Coalitions after 2024, plus 5 highlights from ‘Vrye Weekblad’

Here’s what’s hot in the latest edition of the Afrikaans digital weekly

19 August 2022 - 07:11
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It's a numbers game. File photo.
It's a numbers game. File photo.
Image: Alaister Russell/The Sunday Times

Max du Preez sketches two provocative scenarios in this week’s edition of Vrye Weekblad. 

If the ANC splits during or after its December conference and the President Cyril Ramaphosa faction joins forces with the DA, such a coalition could probably win by a landslide in 2024. Yes, it might be a flight of fancy, but think about it: A respected black leader and a party with an excellent record in governance have to be a winning combination. 

Second scenario: Unless his Phala Phala scandal trips him up, Ramaphosa will be re-elected as ANC leader in December. There is simply no one of stature who can challenge him. Will the RET faction instead focus on loading the NEC with its supporters? If that succeeds, an ANC/EFF alliance could be on the cards after 2024. 

According to the latest Ipsos poll, the ANC’s support is at 42%, with the DA 11%, EFF 9%, ActionSA 3%, IVP 2% and VF Plus 2%, although respected analyst Dawie Scholtz believes the ANC may get to 50%.

Scenario planner Frans Cronjé recently told BizNews’ Alec Hogg the numbers indicate ANC support is at 46% and DA support is “in the low 20s”. If the ANC gets rid of Ramaphosa, Cronjé said, the party will dip to well below 40%.

ANC voters are no longer necessarily supporters of the party, Cronjé said. Many realise the DA governs better, but fear black South Africans will be neglected (in the DA).

DA federal chair Helen Zille insists the party does not see race. She speaks of “blue voters” and “blue values” and says the DA’s surveys indicate the party is doing really well among black voters. She may have a point, but I think she misses the reality that people want to see themselves represented in their political party. While there are senior black and coloured leaders in the DA, the perception is that whites such as Zille and party  leader John Steenhuisen are in charge.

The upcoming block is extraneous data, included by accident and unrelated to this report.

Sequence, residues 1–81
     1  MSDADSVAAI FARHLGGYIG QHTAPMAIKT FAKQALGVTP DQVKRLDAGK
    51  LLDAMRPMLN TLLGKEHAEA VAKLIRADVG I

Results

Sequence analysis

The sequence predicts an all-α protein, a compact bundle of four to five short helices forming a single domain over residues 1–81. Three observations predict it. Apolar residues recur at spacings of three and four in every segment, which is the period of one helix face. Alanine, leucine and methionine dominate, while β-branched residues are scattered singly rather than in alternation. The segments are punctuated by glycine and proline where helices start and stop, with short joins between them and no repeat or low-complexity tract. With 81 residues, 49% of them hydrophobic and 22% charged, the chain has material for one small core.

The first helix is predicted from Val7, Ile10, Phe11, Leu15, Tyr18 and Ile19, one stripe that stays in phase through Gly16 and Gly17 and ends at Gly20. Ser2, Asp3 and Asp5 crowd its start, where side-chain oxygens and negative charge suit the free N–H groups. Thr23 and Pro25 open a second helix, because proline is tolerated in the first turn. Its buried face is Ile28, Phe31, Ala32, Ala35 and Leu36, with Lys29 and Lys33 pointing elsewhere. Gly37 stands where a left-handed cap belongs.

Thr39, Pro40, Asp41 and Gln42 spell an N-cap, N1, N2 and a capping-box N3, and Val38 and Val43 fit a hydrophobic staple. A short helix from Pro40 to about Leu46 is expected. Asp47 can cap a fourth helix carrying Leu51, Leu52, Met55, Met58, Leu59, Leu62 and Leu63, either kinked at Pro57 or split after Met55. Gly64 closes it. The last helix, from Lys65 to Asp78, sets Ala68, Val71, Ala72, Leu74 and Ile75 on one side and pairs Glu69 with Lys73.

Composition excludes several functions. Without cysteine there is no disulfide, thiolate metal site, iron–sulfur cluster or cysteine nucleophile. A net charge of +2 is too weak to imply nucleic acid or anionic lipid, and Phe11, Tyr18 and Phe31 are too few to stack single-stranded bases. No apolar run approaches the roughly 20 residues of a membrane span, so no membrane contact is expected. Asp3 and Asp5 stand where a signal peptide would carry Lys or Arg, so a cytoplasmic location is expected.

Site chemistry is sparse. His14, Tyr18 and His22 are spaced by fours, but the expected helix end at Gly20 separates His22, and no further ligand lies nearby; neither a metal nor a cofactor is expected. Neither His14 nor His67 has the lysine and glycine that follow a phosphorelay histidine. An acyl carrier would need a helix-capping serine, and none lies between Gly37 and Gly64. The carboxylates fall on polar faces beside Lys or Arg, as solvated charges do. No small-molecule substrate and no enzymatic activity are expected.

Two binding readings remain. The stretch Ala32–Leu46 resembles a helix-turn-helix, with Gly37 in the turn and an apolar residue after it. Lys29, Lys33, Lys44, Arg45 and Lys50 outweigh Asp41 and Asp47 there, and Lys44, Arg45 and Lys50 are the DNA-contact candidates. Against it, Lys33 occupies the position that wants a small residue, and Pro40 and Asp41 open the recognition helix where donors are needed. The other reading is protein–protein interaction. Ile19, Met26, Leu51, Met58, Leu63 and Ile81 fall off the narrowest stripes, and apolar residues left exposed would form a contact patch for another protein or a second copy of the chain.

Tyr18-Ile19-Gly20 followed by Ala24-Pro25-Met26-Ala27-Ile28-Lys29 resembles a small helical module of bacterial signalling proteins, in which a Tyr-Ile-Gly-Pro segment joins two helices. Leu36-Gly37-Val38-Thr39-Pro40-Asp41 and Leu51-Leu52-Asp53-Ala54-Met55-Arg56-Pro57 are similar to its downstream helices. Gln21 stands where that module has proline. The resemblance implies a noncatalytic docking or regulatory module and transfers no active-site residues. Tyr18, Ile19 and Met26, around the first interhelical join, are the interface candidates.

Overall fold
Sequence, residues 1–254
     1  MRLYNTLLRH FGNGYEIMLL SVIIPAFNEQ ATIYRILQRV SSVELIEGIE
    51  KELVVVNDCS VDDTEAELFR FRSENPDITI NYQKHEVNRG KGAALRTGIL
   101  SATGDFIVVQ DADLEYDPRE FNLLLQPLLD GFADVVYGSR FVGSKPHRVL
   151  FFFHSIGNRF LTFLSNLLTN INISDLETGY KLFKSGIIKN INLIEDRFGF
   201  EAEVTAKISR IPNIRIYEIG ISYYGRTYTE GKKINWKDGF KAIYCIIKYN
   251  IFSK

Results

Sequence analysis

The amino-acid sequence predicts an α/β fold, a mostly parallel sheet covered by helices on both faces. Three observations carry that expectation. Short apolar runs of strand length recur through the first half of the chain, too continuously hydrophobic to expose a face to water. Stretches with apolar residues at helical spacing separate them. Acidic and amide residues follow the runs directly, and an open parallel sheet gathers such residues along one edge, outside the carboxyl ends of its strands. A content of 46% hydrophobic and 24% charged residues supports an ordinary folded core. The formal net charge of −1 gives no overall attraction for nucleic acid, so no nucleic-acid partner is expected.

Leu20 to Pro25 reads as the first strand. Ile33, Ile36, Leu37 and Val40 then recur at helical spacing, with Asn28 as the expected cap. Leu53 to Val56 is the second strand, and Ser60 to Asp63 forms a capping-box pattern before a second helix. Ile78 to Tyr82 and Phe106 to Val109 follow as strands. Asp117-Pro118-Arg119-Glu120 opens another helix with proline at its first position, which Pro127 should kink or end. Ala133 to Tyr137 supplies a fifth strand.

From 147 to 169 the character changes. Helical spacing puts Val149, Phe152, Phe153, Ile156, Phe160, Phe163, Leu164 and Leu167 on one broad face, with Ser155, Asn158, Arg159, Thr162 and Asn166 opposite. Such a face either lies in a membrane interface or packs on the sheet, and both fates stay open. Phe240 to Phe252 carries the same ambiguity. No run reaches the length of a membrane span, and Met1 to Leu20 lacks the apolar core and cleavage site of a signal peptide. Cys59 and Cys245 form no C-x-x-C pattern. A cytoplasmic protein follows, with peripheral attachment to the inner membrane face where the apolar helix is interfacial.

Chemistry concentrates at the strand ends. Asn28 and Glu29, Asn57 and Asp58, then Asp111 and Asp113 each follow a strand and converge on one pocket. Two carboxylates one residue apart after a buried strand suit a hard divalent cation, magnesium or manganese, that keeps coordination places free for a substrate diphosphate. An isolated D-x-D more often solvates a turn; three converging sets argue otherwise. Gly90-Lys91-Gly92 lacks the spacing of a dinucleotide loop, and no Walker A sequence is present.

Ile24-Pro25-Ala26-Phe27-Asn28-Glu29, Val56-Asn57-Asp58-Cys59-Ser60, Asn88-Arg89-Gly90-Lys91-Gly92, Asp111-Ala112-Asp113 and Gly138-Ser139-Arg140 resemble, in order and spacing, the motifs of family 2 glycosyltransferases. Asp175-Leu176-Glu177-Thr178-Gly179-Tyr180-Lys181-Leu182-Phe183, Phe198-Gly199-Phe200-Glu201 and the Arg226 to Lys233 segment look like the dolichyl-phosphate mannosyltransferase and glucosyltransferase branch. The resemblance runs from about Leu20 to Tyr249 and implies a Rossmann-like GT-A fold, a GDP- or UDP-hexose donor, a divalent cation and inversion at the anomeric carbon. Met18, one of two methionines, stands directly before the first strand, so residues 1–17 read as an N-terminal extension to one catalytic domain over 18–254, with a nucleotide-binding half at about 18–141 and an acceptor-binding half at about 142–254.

It makes one wonder where the party would have been today if it hadn’t gotten rid of Mmusi Maimane as leader.

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This week MP and former DA Free State leader Patricia Kopane resigned from the party and joined ActionSA. She was preceded by Makashule Gana, whose resignation followed those of Bongani Baloyi, Mbali Ntuli, Phumzile van Damme, John Moodey, Funzi Ngobeni and Abel Tau.

Not a single prediction or poll gives the EFF a chance to grow significantly. Consensus is the party may at best pull 15% of the vote. 

If the ANC does poll under 40%, the EFF may not be the ideal coalition partner.

ActionSA’s poor performance in the polls — 3% according to Ipsos — is surprising. The party’s leaders said they believe they can pull 10% or more of the vote if their work on the ground, establishing branches, bears fruit. 

Must-read articles in this week’s Vrye Weekblad

>> Browse the full August 19 edition

THE STORY BEHIND THE STORY OF A HEIST | Anneliese Burgess reconstructs the cyber attack on Postbank and talks to the investigator who helped catch the syndicate. 

WHAT NOW FOR AFRIKAANS SCHOOLS? | The dangers of the proposed changes to the education act have put Piet Croucamp in a corner with people he would normally not agree with.

THE WEEK IN POLITICS | Max du Preez writes about the ANC buttering up Moscow, Julius Malema’s rubbish about Thabo Mbeki, and a Jacob Zuma daughter who seems to have holes in her memory.

ALCOHOLISM: WHEN HOPE DIES | He remembers how the heaviness sat in his belly like lead when the unsteady steps and poisoned words started falling with the hidden bottles.

WHAT WE’RE READING | An unfinished novel by the Scot William McIlvanney that was finished by Ian Rankin, Richard Osman’s book about four older people — hardcore, godless, razor-sharp — who put their heads together to solve crime, and the noir debut of French writer Laure van Rensburg.

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